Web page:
IEA commends the Netherlands for its sound and sustainable energy policy, but calls for more focus on implementation to reach ambitious policy objectives
(The Hague) — 2 February 2009
“The Netherlands has established a sound energy policy framework addressing the key challenges: energy security, economic efficiency and environmental sustainability”, said Nobuo Tanaka, Executive Director of the International Energy Agency (IEA), today in the Hague at the launch of Energy Policies of IEA Countries – the Netherlands 2008 Review. He highlighted the country’s demanding energy and climate agenda, noting that it calls for a 30% reduction in greenhouse gas emissions by 2020 from 1990 levels, a 20% share of renewables in the energy mix by 2020 and annual energy efficiency improvements of 2% by 2020. “The Netherlands now faces the challenge of making its ambitious aspirations a reality.”
The IEA publication acknowledges the government’s efforts towards a sustainable energy future that include developing medium- and long-term policy projections, setting up concrete targets and intensifying its support for energy research and development. The report also emphasises the progress in developing competitive electricity and gas markets, and the Netherlands’ role in European energy security. “Although domestic gas reserves and production are now in decline, the Netherlands maintains its key position in the gas market through enhanced trading and increased storage capacity”, said Mr. Tanaka in the presence of the Dutch Minister of Economic Affairs, Maria van der Hoeven. “Security of electricity supply also benefits from the Netherlands’ interconnections with neighbouring countries.”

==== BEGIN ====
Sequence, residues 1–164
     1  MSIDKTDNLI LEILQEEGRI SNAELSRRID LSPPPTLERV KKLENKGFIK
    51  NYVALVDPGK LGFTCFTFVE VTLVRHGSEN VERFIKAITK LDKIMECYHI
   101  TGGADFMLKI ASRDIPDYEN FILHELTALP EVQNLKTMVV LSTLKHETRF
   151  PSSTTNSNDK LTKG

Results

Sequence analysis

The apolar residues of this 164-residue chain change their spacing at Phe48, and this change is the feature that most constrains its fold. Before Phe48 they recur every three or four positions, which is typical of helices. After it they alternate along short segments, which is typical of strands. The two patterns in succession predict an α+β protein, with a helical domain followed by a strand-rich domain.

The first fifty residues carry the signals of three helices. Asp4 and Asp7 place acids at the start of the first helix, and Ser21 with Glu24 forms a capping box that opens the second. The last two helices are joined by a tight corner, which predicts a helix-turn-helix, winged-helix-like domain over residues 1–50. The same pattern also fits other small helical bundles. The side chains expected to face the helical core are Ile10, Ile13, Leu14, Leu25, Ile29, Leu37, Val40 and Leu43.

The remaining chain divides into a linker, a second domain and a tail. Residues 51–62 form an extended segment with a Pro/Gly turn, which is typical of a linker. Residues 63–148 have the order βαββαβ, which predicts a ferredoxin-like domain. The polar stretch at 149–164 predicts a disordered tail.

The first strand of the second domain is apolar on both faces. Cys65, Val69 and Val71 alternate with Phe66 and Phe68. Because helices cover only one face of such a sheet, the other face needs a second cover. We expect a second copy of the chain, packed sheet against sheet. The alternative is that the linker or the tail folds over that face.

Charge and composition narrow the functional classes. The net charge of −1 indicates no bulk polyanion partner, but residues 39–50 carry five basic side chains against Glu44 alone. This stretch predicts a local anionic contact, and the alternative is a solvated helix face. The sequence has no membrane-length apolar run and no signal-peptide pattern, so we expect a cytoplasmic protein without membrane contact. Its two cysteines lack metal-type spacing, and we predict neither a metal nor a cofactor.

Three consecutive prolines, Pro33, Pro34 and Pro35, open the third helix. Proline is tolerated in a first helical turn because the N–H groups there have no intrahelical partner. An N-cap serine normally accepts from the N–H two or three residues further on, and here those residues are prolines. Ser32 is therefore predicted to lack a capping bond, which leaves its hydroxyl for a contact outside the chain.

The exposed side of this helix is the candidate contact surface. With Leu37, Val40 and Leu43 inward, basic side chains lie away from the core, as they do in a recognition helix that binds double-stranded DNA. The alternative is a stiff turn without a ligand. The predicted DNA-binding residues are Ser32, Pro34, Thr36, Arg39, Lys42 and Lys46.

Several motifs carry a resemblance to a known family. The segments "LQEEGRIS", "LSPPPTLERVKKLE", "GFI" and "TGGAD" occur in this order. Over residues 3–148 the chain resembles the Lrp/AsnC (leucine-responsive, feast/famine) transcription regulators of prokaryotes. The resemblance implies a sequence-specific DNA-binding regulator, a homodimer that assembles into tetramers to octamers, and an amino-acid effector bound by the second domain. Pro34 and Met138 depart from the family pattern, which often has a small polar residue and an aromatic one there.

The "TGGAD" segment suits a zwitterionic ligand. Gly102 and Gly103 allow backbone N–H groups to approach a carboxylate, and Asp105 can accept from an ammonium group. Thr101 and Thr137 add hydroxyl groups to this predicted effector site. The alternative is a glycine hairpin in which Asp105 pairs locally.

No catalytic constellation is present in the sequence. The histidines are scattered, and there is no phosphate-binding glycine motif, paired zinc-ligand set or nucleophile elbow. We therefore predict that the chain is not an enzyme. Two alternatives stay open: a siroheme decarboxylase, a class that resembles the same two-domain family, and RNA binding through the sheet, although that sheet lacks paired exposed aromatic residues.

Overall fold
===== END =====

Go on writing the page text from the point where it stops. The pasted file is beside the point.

Mr. Tanaka praised the government for promoting regional market integration in Europe – understanding that such integration will improve the competitive environment and, ultimately, energy security. He pointed out that meeting the Netherlands’ ambitious targets might be very challenging and urged the government to focus even more on the implementation of the adopted policies and measures.
Meeting the ambitious energy and environment targets
”The Netherlands has very sound policies in place or under development in all three priority areas – climate change, renewables and energy efficiency. More could be done, however, to strengthen monitoring, enforcement and compliance,” Mr. Tanaka stated. He added that improving energy efficiency in transport was especially challenging and urged the government to implement its existing policy proposals as quickly as possible.
Mr. Tanaka also encouraged the Netherlands to work towards a broad political consensus on the future role of nuclear power in the country, keeping in mind that its expansion could make a significant contribution to meeting greenhouse gas emissions targets in a cost-effective manner.
Expanding renewable energy
The IEA report warned that the 20% target for renewables was particularly challenging given that renewables currently account for less than 3% of total primary energy supply (TPES) in the Netherlands. Among the 28 IEA member countries, the Netherlands has the sixth-lowest share of renewables in its TPES, partly explained by the lack of large-scale hydro. Mr. Tanaka praised the government for its efforts to improve support mechanisms for renewable energy. However, he underscored the need for an even more stable and long-term policy and regulatory framework to underpin private-sector investment. “The government should consider measures to address non-economic barriers to renewables’ deployment, for example by streamlining and clarifying the planning process. To achieve a 20% share of renewables so quickly, an extra push may be required,” concluded Mr. Tanaka.
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